The third member of our trio personifies that notion. The 80s were chock-full of cliche characters that haven’t aged well. Beverly Hills Cop‘s wildly effeminate gay character Serge is a prime example, but while the immensely talented Bronson Pinchot was able to bring charm and a certain offbeat nobility to the character, Gedde Watanabe’s Duncan is a contender for the most annoying Japanese stereotype ever committed to celluloid, a purely corporate creation and glorified plot device who pangs of creative complacency. Duncan is an unrelenting nerd who is supposed to provide the comic relief and make his friends look hunkier by comparison. The latter he manages, the former not so much. If anyone deserves death at the hands of a soulless creature it is this equally soulless caricature.
It’s while getting their pubescent rocks off that the gang meet Amaretto (Pfeiffer), a happy-go-lucky cutie who has to be the most oblivious waitress to ever find employment in a realm of heartless bloodsuckers this side of the Coca-Cola corporation. Her fate seems to be in the arms of Keith (Makepeace), though necking with Jones’ creature of the night may have been a more dangerous and rewarding endeavour. Pfeffier was always doomed to the shadow of her sister’s success, but there is no denying her girl next door energy.
Thankfully, the ‘horror’ part of horror-comedy is achieved with much more aplomb. Thanks in large part to the enigmatic Jones, there are a number of pretty gruesome scenes as our irrepressible head vamp cackles and snorts her way through a series of all-too-easy victims. Chris Chesney’s practical effects may not be up to the likes of Savini and Bottin, but there are some pretty striking visuals on offer, a combination of cool monster design, grisly voice-overs and Jones’ sheer physical presence making for one malevolent bitch. The fact that she is able to achieve such a presence without even a single word of dialogue speaks to her inimitable, once-in-a-lifetime charisma.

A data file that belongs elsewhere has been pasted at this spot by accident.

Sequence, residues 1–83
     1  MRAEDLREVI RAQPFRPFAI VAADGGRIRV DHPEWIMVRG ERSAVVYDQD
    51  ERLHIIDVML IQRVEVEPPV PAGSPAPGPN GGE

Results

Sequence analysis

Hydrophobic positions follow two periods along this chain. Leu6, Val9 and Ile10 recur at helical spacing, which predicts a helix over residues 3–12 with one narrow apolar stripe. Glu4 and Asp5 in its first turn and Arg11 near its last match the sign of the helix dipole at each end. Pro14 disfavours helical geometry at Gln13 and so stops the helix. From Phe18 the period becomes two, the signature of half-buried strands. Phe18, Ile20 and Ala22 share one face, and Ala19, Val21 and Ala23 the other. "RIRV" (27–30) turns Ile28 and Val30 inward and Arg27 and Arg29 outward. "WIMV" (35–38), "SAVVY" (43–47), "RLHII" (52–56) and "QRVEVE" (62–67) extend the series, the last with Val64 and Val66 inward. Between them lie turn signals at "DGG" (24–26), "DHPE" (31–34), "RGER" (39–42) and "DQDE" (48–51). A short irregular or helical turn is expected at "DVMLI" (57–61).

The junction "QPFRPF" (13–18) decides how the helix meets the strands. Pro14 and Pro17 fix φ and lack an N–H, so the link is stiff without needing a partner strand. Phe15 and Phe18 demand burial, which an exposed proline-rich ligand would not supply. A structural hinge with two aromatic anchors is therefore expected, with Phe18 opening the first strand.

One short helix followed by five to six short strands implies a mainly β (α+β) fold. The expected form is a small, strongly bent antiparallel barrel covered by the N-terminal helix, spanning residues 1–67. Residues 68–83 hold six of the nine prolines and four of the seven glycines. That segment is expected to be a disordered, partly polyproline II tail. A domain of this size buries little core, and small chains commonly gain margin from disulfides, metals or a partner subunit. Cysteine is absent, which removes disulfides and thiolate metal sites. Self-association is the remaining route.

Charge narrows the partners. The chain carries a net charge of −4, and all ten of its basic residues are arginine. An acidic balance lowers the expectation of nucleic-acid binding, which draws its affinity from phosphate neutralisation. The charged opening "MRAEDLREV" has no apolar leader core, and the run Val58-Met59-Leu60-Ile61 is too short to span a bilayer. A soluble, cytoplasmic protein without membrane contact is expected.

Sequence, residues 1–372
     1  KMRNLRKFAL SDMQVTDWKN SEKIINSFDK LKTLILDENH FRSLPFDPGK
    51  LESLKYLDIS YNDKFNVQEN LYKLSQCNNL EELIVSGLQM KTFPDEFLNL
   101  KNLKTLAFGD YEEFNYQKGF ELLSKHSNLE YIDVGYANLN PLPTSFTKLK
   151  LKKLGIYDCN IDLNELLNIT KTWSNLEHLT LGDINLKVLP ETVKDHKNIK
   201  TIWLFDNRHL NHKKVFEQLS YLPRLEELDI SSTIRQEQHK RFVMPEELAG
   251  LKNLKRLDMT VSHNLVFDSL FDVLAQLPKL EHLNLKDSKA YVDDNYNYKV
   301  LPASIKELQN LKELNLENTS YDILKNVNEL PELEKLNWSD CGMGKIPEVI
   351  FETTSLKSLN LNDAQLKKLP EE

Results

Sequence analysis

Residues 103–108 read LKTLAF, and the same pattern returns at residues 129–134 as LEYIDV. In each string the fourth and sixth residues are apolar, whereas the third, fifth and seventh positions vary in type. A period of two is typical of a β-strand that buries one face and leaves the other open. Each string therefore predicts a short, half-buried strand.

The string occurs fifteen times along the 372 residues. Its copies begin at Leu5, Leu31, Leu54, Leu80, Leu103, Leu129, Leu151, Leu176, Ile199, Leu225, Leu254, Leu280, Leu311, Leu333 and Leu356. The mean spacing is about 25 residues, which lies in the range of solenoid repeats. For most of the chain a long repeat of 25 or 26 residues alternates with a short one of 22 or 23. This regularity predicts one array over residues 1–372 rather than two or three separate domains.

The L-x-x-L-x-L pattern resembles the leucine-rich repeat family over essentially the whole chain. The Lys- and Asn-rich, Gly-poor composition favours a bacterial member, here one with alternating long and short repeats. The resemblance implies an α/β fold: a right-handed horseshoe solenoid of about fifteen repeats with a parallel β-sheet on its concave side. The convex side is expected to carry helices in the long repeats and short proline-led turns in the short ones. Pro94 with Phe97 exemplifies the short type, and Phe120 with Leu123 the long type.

There are a few other notable characters here. A Near Dark gang of comic book rebels add some extra visual flair, but it’s all very one-dimensional and underdeveloped — a shame since gang leader Snow is played by perennial bad guy Billy Drago. A more interesting creation comes in the form of Sandy Baron’s submissive bar owner, Vic, an almost Lynchian character who treats his bloodlust as a shameful addiction, sheepishly lapping at whatever the insatiable Katrina (Jones) deigns to throw his way. This results in a couple of noirish scenes that further elevate the movie’s sense of style, but what the movie really lacks is substance.
Perhaps Vamp‘s biggest drawback is its failure to utilise its star attraction. Jones is a colossal presence, and though she is the abiding memory here, her character is seriously undercooked. Instead, the movie focuses on its weak lead and a meandering romance between Pfeiffer and Makepeace, which never seems to get going as our cast cling to the small-scale set design and generally pass the time. On a visual level it is quite the treat, but asides from its nostalgia aesthetic and sumptuous synth pop soundtrack, there really isn’t all that much to sink your teeth into. If only someone could have found a way to unlock Jones’ full potential! Roger Corman and the now defunct New World Pictures could have been onto a real winner.
Pandered to by a Japanese waitress whose goal it is to satisfy her vampire master’s every whim, the overly helpful dame has her heart abruptly and savagely ripped out by the highly-amused Katrina.
Most Absurd Moment
Every moment that Gedde Watanabe’s deplorable and humourless Japanese stereotype, Duncan, spends onscreen is one part absurd, two parts infuriating. So he’s Japanese, we get it! That doesn’t mean he has to be goofy and outrageous and bereft of a soul, because what threat do vampires pose to a person who has no soul to possess? A wittier screenplay may have helped, but this character belongs nowhere near a wittier screenplay.
The make-up for Grace Jones’ human form was based on Daryl Hannah’s Pris from Blade Runner.
Most Absurd Dialogue
Relentless in his quest to push the bile to the tip of our tongues, overbearing cliché Duncan treats us to some not-so-delicious innuendo:
Allison: I’m Amaretto, not really, and I will be your waitress for this evening, guys. So what can I get for you?
Duncan: I would like a slow, comfortable screw.
Good look finding one!